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With a PHD in fashion, a hair ambassadorship with L’Oréal Paris and a global audience, Victoria is the lady behind the award-winning fashion, travel and beauty blog, Inthefrow.

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Why Reaching Out Is So Important

12/06/18

How Are You?

Location: Lake District, United kingdom
A few weeks ago now I was spurred on to write a post about mental heath by a brave friend opening up online and revealing that he was struggling. Struggling with life, struggling with asking for help and struggling with things a lot of us take for granted day after day. With the loss of two unbelievably talented people in the public eye in the past weeks, the wonderful Kate Spade and the incredible Anthony Bourdain, it is more obvious than ever that ‘having it all’, means very little when it comes to mental health.

We are all guilty of putting too much emphasis on the individual suffering to be the one to reach out, when in fact we as family members, friends and acquaintances, the ones that know someone the best, may be the key to really making a difference. In my last post I chose to speak directly to anyone who may need help and was hesitating, for whatever reason, to ask for it. Offering resources and showing there is a way to be supported is a great support, but there are always two sides to every story. We can learn to understand that there are times that those on the outside can sometimes be the real catalyst in allowing someone to take the next step.

So to those of us on the outside wanting to help, here’s why reaching out can be so important and why three little words could make all the difference.

It may seem such a simple thing to reach out and ask ‘How are you?‘ and from the outside it may seem like it could have very little impact on another. But think twice about those three little words and perhaps make a promise to always ask twice. How often do we reply with ‘Yes fine.‘ or ‘Yes, you?‘ without really giving away our true feelings and without a second thought to if someone really wants to know how you are doing. I would say unless I reach out for help myself, I would never truly be honest with another and would 9 times out of 10 give a stereotypical bland response. Think about the positive impact of reiterating your question.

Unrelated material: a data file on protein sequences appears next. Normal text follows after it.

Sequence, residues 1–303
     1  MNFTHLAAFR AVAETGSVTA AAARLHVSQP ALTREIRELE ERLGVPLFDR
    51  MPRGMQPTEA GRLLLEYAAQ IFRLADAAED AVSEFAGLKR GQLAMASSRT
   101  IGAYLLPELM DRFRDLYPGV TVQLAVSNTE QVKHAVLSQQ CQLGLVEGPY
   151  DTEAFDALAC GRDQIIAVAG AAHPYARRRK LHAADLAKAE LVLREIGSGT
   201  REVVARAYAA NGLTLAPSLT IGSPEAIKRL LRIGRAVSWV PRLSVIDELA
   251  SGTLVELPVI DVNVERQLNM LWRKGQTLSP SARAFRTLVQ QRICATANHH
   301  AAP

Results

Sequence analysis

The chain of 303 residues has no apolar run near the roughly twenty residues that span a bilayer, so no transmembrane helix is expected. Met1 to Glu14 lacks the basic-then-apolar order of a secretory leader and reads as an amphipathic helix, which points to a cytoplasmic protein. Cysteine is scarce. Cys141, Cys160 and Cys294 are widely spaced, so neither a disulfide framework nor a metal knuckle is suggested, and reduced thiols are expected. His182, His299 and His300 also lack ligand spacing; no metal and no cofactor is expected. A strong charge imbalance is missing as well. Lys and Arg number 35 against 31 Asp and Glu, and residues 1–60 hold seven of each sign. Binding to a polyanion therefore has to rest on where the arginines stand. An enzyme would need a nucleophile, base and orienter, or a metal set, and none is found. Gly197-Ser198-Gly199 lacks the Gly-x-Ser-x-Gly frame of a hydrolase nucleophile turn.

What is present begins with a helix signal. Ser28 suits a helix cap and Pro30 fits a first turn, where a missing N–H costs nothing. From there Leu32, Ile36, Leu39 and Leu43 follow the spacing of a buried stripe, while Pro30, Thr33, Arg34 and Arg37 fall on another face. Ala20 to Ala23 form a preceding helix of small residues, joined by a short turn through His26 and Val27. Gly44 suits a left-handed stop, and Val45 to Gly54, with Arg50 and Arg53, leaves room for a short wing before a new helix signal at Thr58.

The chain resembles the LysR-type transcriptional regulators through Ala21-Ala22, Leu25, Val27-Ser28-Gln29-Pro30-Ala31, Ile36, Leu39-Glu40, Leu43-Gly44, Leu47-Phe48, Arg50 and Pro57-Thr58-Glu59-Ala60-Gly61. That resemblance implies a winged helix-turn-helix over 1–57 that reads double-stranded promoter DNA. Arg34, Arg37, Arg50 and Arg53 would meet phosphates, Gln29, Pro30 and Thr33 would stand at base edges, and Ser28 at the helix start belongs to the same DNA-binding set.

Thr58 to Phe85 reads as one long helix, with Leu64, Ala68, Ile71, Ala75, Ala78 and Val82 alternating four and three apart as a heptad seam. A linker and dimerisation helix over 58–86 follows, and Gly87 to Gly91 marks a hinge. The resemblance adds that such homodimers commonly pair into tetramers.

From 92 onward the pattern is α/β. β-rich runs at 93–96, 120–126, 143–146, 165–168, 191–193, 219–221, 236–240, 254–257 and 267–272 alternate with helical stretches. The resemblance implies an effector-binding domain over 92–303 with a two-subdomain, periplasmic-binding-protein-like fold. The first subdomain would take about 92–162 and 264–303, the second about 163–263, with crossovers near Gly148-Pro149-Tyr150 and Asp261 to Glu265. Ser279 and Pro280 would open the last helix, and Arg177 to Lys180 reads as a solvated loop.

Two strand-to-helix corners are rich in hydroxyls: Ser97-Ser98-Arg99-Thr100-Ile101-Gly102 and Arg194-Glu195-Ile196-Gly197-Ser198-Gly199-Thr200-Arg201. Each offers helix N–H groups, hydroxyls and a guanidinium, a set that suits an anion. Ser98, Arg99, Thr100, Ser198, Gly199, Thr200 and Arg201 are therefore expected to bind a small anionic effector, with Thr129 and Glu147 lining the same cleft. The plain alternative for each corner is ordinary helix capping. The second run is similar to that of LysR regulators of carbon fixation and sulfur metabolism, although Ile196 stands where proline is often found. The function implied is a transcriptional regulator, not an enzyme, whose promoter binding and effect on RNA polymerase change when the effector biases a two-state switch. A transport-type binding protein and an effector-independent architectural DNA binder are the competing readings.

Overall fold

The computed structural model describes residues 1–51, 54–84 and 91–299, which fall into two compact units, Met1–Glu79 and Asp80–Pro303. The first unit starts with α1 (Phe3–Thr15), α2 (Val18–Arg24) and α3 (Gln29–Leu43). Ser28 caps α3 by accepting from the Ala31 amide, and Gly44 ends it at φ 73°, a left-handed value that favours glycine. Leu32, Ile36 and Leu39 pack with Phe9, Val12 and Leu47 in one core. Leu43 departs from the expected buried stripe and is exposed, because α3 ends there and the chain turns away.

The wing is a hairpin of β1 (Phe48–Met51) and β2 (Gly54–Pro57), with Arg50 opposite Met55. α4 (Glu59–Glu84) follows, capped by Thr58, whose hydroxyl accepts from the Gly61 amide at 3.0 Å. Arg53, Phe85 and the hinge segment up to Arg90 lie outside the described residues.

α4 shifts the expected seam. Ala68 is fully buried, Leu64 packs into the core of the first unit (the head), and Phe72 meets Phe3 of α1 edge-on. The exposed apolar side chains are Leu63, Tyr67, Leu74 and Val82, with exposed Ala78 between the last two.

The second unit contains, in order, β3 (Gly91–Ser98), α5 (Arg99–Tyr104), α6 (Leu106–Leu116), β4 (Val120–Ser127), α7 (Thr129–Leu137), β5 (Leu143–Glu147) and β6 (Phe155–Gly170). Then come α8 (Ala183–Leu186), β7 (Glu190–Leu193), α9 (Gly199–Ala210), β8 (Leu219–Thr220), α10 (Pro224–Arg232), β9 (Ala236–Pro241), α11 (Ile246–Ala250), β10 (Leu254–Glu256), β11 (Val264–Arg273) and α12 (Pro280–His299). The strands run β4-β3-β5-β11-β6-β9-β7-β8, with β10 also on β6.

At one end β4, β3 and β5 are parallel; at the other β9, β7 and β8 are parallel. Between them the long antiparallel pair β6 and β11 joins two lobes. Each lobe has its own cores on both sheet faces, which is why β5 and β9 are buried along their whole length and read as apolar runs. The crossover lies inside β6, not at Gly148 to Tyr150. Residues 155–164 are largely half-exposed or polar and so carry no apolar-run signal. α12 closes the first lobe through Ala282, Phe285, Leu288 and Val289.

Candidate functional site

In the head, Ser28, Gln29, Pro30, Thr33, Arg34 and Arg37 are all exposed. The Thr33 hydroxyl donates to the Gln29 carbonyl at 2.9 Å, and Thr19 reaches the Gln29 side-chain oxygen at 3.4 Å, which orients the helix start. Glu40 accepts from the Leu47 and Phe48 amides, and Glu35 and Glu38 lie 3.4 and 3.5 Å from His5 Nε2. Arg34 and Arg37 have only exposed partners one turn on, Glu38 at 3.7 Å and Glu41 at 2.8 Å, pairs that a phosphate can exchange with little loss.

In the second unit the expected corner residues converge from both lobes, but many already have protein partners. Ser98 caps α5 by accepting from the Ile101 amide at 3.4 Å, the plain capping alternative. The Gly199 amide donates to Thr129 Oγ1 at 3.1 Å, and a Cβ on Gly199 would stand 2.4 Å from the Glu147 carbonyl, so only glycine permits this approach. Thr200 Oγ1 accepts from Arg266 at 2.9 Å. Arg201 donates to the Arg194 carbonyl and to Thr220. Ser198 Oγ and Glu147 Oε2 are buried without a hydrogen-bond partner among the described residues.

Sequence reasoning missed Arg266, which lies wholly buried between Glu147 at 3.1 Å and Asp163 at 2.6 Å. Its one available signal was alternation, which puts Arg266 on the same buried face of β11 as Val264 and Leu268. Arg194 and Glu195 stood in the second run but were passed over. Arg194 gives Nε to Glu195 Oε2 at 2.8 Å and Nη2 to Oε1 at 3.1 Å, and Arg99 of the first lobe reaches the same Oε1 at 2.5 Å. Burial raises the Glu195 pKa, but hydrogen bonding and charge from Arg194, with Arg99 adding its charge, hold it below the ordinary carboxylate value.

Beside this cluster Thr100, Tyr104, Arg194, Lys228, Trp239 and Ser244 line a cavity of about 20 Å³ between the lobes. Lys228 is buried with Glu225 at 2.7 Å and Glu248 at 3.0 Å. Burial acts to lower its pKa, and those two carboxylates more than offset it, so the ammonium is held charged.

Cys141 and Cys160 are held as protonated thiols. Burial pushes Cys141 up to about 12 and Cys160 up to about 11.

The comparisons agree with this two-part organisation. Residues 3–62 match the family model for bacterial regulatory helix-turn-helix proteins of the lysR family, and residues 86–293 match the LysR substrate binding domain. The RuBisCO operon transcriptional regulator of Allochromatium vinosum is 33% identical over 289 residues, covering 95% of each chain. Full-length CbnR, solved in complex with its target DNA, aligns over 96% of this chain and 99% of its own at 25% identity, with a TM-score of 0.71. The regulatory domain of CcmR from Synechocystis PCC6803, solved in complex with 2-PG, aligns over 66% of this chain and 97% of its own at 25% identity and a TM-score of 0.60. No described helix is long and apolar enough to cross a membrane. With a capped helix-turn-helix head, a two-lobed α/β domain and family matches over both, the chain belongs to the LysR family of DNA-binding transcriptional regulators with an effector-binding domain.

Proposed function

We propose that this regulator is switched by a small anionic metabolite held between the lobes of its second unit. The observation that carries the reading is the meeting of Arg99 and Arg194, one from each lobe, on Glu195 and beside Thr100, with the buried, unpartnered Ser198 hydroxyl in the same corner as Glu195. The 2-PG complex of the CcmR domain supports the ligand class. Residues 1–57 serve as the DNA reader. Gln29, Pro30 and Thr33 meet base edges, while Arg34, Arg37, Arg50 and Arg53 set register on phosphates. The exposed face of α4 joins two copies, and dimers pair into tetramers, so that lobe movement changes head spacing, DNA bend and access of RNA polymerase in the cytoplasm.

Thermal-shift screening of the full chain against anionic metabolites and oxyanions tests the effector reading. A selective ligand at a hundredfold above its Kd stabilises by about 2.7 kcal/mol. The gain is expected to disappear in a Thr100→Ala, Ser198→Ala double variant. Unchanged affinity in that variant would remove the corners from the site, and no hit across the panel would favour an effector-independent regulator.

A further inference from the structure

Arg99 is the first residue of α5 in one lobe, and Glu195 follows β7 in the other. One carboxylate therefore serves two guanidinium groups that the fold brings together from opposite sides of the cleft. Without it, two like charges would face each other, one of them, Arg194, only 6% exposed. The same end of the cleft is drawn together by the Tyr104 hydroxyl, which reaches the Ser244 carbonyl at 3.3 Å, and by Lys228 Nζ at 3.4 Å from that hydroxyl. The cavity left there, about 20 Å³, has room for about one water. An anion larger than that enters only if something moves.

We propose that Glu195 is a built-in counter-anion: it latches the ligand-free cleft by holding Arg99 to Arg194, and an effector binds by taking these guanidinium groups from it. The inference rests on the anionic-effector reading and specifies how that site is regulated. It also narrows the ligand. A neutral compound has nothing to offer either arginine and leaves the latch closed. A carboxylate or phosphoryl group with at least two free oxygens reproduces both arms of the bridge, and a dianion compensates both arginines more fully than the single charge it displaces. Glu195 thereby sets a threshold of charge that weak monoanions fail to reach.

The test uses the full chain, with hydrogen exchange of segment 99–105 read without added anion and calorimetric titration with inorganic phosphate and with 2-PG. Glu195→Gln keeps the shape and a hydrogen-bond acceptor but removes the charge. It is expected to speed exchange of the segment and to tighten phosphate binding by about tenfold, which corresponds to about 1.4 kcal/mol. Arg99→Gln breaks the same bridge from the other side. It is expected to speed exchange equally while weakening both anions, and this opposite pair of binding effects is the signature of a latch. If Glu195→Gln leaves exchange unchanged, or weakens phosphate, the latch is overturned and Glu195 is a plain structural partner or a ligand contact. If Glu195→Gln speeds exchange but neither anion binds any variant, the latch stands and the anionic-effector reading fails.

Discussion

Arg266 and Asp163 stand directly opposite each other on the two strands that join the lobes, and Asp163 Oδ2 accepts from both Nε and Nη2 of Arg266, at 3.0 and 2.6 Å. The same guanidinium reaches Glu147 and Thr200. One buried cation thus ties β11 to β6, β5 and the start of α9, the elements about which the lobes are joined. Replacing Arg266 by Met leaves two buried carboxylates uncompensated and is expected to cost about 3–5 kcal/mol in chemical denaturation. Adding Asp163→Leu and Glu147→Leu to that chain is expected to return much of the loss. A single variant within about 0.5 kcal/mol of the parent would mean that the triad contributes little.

No really… How are you?’  

That second attempt could be the gateway to a platform that would allow someone to be honest and may even surprise them into realising that there is a person out there who does really care. No it isn’t the solution to that individual’s problems, nothing is rarely that simple but allowing someone a safe space and perhaps a moment of true honesty, may well be the thing that enables them to step forward into the light. There’s no guarantee that the question will work, but perhaps in time if that person prefers to reach out themselves, they may remember that you were the one that truly wanted to know.

As a society the progress we are making in talking about our mental health is amazing. It’s so good to see those with platforms tell their stories and finally normalise help, but we still have so far to go in supporting each other. The shame someone might feel and the fear of being judged can stop even the strongest of people from asking for help, so to show that you are there, with no fear of judgement is a way to truly listen to what another person may need. If someone you know doesn’t want help or can’t accept it right now, just be around. Be the person that texts them ‘Have a great day!’ even if you get no reply, be the person that listens when they need to vent and be the person that looks after yourself, so you have the ability to be available should they need you.

Life can be hard. We walk different paths in every aspect of our lives but don’t let this discourage you from reaching out. Your confidence, your shoulder to cry on and your availability may just offer some support – or it may just save a life.

‘How are you?’ is not the only way to check on someone, but it is a simple and sometimes effective segue into a deeper conversation. We shouldn’t be afraid to be the person that reaches out, rather than those who are already exhausted trying to find the strength to. Offering your help doesn’t mean the weight of their worries will transfer to you, it can just mean an open, honest talk ensues about getting the right help, about if they need help and in some cases realising that help is an option.

I’m worried about you.
Do you want to talk?
I’m here to listen.
Can I help you?
I care about you.

There is so much work still to do and so much talking still to be done, but let’s keep the conversation going and if it’s the right thing to do, let’s be the one that reaches out first.

Inthefrow uses affiliate links. Read the disclaimer for more info.

If you or a loved one is struggling and needs help, please visit this post for more information on finding the correct resource for you x

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